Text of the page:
Our study demonstrated that upregulation of miR-143 in PC-3 cells repressed mesenchymal markers of fibronectin and vimentin, and increased E-cadherin, one of epithelial markers. Moreover, up-regulation of miR-145 in PC-3 cells exhibited the same effects on these proteins except for vimentin. Re-expression of miR-143 in SW620 cells of colorectal cancer also increased E-cadherin expression and the cells were in consistent with a transition to a more epithelial-like cell phenotype [60]. These finding indicated that miRs-143 and -145 may be a suppressor of the transition to a more mesenchymal-like phenotype. Given that EMT was considered to be one of the critical steps in tumor invasion and metastasis by allowing cancer cells acquire mesenchymal features that permit escape from the primary tumor [74], E-cadherin plays a critical role as a regulator of signaling complexes and loss of E-cadherin function is a clinical indicator for poor prognosis and metastasis [75]. We can expect that miRs-143 and -145 may inhibit migration and invasion of PC-3 cells by repressing EMT.

Although upregulations of miRs-143 and -145 were able to repress the aggressiveness and EMT of PC-3 cells from bone metastasis, it cannot reverse the metastatic characteristics and regulate EMT markers of LNCaP cells from lymph node metastasis. Especially, deregulation of miRs-143 and -145 was not found in lymph node metastasis comparing to primary PCa tumor with microarray analysis [76]. These findings suggest that miR-143 or -145 may have a cell type–specific function and only inhibit bone metastasis instead of lymph node metastasis, or loss of miRs-143 and -145 could promote the bone metastasis other than lymph node metastasis, which might be regulated by other miRNAs such as miR-221 [76].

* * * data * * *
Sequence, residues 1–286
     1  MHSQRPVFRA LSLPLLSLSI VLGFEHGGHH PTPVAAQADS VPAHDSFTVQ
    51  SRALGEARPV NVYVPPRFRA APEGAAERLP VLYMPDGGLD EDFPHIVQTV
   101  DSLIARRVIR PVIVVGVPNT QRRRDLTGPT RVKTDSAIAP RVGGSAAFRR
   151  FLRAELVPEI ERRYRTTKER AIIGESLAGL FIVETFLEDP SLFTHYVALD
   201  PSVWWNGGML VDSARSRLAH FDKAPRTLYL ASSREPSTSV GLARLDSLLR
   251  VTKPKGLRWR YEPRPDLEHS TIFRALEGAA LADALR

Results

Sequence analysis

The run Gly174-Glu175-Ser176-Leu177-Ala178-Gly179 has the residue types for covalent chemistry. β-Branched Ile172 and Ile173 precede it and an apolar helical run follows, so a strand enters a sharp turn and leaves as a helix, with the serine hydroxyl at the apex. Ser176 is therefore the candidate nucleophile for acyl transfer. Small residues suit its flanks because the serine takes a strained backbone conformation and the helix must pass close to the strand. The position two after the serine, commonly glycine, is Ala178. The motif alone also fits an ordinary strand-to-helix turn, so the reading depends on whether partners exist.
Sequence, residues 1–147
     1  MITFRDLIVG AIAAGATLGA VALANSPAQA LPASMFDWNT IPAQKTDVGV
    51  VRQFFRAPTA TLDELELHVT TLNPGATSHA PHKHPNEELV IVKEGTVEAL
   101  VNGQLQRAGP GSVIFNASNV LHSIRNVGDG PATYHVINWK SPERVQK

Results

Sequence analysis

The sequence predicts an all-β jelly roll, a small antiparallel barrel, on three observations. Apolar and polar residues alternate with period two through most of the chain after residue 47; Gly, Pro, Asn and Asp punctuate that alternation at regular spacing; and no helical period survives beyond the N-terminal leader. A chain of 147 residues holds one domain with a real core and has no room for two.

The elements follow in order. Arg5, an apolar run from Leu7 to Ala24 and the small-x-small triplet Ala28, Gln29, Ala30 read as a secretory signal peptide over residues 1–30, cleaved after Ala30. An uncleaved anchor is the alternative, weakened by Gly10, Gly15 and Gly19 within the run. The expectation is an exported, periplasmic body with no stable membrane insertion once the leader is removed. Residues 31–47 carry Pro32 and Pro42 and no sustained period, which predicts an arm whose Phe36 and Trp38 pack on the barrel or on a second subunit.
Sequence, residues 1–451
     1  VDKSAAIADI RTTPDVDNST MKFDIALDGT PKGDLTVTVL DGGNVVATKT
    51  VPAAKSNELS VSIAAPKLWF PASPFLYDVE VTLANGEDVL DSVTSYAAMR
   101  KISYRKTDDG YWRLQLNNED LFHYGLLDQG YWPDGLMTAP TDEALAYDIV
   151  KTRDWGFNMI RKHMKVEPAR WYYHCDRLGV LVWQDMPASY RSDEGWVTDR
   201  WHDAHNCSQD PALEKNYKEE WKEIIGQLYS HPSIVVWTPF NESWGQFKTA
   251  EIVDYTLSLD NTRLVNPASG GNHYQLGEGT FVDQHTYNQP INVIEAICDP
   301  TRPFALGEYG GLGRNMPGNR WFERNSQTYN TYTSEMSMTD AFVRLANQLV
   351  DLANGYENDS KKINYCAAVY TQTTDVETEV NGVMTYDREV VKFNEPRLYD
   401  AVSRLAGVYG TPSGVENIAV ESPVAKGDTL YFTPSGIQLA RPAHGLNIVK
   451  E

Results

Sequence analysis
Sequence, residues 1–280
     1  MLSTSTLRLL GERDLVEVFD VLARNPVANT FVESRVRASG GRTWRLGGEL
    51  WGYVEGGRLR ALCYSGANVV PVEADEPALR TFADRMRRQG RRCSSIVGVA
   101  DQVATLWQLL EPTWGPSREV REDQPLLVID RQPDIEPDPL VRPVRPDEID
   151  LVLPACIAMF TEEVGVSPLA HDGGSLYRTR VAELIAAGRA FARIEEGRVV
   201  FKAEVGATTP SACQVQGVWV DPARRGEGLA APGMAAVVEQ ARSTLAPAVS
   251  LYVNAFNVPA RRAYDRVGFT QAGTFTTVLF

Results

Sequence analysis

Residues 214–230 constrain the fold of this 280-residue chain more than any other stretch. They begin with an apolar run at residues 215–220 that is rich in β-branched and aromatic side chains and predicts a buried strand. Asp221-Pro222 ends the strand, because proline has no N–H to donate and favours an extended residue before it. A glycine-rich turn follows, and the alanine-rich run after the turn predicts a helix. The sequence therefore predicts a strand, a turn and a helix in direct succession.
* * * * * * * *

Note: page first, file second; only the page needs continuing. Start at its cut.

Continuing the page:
Our results also showed a similar expression pattern of downregulated miRs-143 and -145 in a same primary PCa tumor or bone metastasis of PCa. Due to their DNA loci were very close to each other within approximate 2.0 kb at chromosome 5q32 [77] and both precursors might originate from the same primary miRNA [78], we speculate that miRs-143 and -145 could be regulated by some events with a similar mechanism. Moreover, we want to figure out whether one controls the expression of the other one, but there's no study about the interaction between miR-143 and miR-145. Further mechanism should be explored.

miRs-143 and -145 were downregulated to much lower levels in primary PCa patients with bone metastasis, compared with the attenuation in those without bone metastasis. Furthermore, the expression levels of miRs-143 and -145 in primary PCa patients were inversely correlated with Gleason Score, one of the strongest conventional predictors of tumor recurrence [79], indicating higher miRs-143 and -145 expressions might indicate a less possibility of bone metastasis and a better clinical condition, vice versa. There is the same relationship between miRs-143 and -145 expressions and free PSA level, one predictor of pathologic stage through clinical stage and biopsy Gleason score [80] and a direct predictor of biochemical progression for PCa-specific mortality [81]. Given the facts above, we expect that the levels of miRs-143 and -145 could be considered as novel biomarkers in discriminating different clinical stages of human PCa and predicting bone metastasis.